161 results for tag: Big Government


Labor Department orders private companies with federal contracts to give employees up to seven sick days

Officials at the Labor Department Thursday ruled federal contractors – private companies who contract with the federal government like Humana, General Electric, General Dynamics, Hewlett-Packard Company, MIT, AT&T, the list goes on – are required to give employees up to seven days of sick time annually, allegedly creating a new benefit for more than 650,000 workers. The Washington Examiner has the story: In addition to the new Labor rule, the Equal Employment Opportunity Commission announced that starting in March, it will collect new data from employers that will let it improve investigations of possible pay discrimination… The EEOC ...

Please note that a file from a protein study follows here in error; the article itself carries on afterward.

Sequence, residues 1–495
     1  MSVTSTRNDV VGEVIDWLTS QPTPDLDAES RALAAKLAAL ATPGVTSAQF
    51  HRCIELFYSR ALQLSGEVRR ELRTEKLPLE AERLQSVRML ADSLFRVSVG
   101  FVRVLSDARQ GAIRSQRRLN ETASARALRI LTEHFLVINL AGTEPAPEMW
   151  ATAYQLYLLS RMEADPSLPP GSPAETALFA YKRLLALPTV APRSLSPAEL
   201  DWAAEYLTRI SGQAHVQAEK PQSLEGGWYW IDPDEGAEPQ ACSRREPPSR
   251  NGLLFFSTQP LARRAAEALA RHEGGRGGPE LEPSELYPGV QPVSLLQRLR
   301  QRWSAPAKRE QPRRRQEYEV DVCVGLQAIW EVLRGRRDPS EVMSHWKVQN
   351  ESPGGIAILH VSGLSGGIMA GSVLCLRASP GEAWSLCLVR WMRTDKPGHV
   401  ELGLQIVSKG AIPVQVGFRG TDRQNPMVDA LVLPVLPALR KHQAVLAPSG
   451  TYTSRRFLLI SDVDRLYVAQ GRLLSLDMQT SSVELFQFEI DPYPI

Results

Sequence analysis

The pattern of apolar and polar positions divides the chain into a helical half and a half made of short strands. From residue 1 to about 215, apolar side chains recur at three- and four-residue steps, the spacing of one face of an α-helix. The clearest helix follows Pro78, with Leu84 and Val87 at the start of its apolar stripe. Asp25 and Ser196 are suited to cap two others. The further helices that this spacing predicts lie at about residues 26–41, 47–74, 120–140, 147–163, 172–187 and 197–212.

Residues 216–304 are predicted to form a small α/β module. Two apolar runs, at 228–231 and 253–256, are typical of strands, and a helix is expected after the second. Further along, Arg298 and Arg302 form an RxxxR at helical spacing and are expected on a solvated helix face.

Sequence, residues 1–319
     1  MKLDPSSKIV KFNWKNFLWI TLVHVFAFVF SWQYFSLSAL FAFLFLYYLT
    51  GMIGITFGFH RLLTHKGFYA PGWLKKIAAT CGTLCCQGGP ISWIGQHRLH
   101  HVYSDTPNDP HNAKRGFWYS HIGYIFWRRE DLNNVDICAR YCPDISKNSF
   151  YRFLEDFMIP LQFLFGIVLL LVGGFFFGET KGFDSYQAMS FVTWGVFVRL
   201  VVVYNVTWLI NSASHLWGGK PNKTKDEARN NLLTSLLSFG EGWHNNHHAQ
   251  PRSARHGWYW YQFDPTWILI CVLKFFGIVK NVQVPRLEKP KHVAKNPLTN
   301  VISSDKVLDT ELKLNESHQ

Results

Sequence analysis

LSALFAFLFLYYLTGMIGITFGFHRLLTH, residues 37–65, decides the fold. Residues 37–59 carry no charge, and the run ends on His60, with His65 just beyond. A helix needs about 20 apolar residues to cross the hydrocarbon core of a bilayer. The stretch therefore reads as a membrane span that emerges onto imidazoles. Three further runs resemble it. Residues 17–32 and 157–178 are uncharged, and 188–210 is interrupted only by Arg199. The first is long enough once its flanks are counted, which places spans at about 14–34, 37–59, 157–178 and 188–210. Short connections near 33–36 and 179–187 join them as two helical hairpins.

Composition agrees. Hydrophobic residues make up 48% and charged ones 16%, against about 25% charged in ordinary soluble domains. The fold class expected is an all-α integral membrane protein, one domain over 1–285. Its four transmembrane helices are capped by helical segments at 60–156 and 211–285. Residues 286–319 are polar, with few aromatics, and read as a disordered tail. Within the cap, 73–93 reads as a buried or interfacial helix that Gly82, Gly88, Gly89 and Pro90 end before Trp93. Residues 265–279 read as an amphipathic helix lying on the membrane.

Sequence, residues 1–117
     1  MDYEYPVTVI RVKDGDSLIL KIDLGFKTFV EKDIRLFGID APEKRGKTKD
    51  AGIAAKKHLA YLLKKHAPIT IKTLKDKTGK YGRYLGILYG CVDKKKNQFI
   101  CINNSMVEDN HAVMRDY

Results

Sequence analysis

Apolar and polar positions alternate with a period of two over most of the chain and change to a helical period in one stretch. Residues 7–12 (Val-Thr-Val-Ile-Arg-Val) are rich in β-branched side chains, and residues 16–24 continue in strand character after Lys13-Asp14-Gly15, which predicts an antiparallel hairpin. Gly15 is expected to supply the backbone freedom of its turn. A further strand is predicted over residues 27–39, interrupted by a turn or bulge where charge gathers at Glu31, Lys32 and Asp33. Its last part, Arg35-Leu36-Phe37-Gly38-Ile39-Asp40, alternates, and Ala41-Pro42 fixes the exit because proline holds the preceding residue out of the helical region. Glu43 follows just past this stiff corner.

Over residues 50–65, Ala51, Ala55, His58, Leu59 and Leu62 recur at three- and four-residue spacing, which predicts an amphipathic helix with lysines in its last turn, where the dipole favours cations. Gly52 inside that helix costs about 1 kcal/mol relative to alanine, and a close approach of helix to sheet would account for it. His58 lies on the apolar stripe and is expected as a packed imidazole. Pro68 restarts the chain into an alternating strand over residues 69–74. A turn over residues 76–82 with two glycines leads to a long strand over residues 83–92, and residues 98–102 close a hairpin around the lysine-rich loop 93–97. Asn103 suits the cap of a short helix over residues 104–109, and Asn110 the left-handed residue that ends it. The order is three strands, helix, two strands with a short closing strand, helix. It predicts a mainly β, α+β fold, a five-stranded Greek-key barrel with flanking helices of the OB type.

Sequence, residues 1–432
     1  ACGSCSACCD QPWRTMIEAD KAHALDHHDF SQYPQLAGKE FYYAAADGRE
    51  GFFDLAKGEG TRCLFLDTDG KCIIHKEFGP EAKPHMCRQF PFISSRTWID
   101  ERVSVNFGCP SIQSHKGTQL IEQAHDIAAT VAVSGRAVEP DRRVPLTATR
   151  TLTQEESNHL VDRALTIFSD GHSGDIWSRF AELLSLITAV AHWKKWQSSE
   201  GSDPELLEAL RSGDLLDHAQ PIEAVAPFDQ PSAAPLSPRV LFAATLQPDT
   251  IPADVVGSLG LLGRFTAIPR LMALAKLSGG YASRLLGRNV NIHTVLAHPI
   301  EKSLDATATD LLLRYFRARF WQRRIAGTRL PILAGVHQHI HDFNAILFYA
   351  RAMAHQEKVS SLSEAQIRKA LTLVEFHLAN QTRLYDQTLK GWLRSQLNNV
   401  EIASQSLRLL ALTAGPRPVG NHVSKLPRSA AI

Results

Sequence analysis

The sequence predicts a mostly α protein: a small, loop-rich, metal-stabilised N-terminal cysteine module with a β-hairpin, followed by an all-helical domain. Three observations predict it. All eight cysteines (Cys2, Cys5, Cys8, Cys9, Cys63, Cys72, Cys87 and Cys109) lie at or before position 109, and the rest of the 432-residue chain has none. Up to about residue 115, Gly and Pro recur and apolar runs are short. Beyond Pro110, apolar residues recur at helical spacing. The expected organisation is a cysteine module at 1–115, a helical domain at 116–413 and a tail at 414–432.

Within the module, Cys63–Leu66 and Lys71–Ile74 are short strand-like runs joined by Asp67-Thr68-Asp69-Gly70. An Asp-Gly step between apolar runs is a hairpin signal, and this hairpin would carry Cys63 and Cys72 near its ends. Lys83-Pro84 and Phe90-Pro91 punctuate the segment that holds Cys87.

Bill demands stronger protections for VA whistleblowers

Congressional plans to encourage Veterans Affairs employees to speak out against departmental abuses like waste and negligence – and shield such whistleblowers from retaliation – may soon be put to a vote. Stars and Stripes has the story: A long-stalled plan in Congress to strengthen protections for Veterans Affairs Department employees who disclose waste and misconduct – and to punish officials who retaliate against them – is poised to hitch a ride to enactment this week on the high-priority measure to head off a partial government shutdown… While the measure would continue funding most government operations only through Dec. 9, the ...

Senators seeking answers in case of vet who allegedly committed suicide while on VA waiting list

 U.S. Senators Cory Gardner (R-Colo.) and Ron Johnson (R-Wis.) Tuesday requested an investigation into a report an Army veteran committed suicide when he was awaiting care for post-traumatic-stress disorder from those at a Veterans Affairs office in Colorado Springs, Colo. The department will work with the inspector general and the senators to determine what happened, agency spokesman Paul Sherbo said. The senators did not identify the soldier who killed himself but said he was 26 and had served as an Army Ranger. Gardner said he wanted to avoid a repeat of a 2014 scandal over long wait times that veterans endured to get health care, and ...